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I found it very difficult to do password recovery, since I've never done it before.

So far I have web app which has:

Spring Security, where password is properly hashed and user roles implemented and work correctly.

The strategy hints research from stackoverflow:

  1. User hits forgot-password button, where he enters his email address.
  2. Dynamic link is sent to email address
  3. User opens link in email address
  4. Which redirects him to password reset page

What is not known:

  • How to give link dynamic nature - methods of generations
  • Link has a timeout - some questions were found here, but often involve custom handler or extension to spring security functionality
  • A request mapping methods to respond to such dynamic link
  • Temporary link storage methods - database, session etc. ?

As you can see the list is quite severe for a single question. So was hoping you might be able to provide guide resources to how to do it step by step. I was a little surprised I could not find much on this in Spring Security documentation. Thanks.

I am student so don't know really industry best practices for doing so especially in the context of Java, so I really hope anyone will be able to help.

share|improve this question
I have implemented a JAVA project for this use case. It is on GitHub, open source. You can have a look: – OhadR Nov 29 '13 at 12:40
up vote 15 down vote accepted

The problem doesn't really have much to do with Spring Security. Provided you know the structure of the user database and the password encoder used, it's really just implementing a workflow involving data access, web controllers and sending an email. The link should contain a random token string (use SecureRandom and a base64 encoder, for example) and it should be stored in a database with the userId and a timestamp (for validating the window within which the link is valid). The controller would simply extract the token from the incoming request, load the data from the database using the token. It would check the timestamp and then forward the user to a password entry form. Depending on requirements, you might also want them to answer some other security questions too. You'd then validate and encode the password and store it in the account matching the userId stored in the reset link table. It would also make sense to have a batch job running to remove expired links from the database.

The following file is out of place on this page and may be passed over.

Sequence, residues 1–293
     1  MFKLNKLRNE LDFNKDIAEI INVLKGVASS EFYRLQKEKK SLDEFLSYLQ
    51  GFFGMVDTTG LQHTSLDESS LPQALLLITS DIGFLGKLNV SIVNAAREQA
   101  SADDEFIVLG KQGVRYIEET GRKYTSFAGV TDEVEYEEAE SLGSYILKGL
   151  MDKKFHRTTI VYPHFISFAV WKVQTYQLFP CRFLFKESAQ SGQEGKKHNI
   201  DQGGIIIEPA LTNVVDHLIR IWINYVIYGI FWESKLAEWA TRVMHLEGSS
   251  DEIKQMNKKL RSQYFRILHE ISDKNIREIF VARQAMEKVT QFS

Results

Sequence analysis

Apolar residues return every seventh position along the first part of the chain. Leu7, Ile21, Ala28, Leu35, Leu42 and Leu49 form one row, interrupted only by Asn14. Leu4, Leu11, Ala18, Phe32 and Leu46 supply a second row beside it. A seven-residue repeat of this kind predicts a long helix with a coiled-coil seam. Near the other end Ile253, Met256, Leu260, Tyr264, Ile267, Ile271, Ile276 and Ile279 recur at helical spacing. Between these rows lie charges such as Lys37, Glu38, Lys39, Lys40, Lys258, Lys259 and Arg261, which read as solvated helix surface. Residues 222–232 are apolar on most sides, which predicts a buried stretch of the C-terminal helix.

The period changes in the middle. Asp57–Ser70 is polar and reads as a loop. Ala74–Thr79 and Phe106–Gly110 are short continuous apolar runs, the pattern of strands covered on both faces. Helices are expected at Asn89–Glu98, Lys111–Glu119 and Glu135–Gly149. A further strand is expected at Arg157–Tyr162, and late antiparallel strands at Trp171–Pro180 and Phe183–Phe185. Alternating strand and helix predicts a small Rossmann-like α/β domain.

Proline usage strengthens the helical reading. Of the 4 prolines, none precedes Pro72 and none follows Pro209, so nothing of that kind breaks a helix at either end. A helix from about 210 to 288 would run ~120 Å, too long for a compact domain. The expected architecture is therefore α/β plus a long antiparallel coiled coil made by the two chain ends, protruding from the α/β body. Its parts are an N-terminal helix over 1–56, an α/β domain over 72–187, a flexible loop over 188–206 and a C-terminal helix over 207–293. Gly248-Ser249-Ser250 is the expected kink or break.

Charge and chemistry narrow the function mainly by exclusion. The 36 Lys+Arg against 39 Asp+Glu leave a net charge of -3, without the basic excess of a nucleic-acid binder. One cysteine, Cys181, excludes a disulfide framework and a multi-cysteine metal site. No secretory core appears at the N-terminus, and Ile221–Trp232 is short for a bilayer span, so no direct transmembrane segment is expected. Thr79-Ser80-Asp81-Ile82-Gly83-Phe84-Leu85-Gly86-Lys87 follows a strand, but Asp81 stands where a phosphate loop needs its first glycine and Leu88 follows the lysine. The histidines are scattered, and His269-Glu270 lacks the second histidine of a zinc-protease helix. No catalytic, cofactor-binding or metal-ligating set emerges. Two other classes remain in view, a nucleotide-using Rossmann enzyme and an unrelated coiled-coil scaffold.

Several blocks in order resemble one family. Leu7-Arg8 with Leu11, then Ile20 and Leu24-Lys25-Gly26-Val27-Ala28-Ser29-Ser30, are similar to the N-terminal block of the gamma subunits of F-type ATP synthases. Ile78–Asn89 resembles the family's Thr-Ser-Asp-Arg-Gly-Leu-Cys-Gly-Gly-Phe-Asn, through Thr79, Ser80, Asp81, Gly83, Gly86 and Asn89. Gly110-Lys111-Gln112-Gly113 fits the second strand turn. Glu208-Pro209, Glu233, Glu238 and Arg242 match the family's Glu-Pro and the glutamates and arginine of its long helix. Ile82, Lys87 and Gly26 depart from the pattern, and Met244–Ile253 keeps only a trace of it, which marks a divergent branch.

The Grails Spring Security UI plugin already has a forgot password option which you can either use directly or use as a reference.

share|improve this answer
great, simple and concise. I believe emailadress+timestamp(as salt) hash generation would do the job for link generation? Also just for quick reference to respond to dynamic link I use something like: @RequestMapping(value="/var/{name}", method = RequestMethod.GET) – Aubergine Jun 21 '13 at 18:52
Could you confirm that please before I accept? :-) – Aubergine Jun 22 '13 at 4:16
Why use a hash? You would still need to store the token anyway in order to verify it and timestamps are guessable. If I knew someone had requested a reset and knew their email, I could just iterate through all the possible timestamps over a suitable window until the system let me in. Use random bytes for the link token, and make it long enough that you don't have to worry about it (e.g. 16 bytes). – Luke Taylor Jun 22 '13 at 18:37
I was actually thinking about hash which would say use the email provided (of course checking whether it exists first) to generate the token and timestamp possibly as salt. – Aubergine Jun 25 '13 at 10:18
The reason to use is possibly due to less code @Autowired passwordEncoder and then just use .encode. I may possibly overdo but still interested whether hash can work no worse than securerandom. – Aubergine Jun 25 '13 at 10:27

I have implemented a JAVA project for this use case. It is on GitHub, open source.

There are explanation for everything (and if something is missing - let me know...)

Have a look:

This is the client web-app that uses the auth-flows, with the README with all explanations. it directs you the implementation:

share|improve this answer
Is this stable enough to adapt for production use? – Kafkaesque Dec 13 '13 at 14:33
it is a good question. In short: YES. Note that for production, each one (usually) has its own needs. for example, there are companies who needs "secret question" mechanism, which i did not implement. but it is a very good basis to start from, and to add whatever needed. have a look in the README. let me know if something is not clear. and yes - it is stable :-) NOTE: I've changed the links in my answer. have a look.. – OhadR Dec 15 '13 at 8:43

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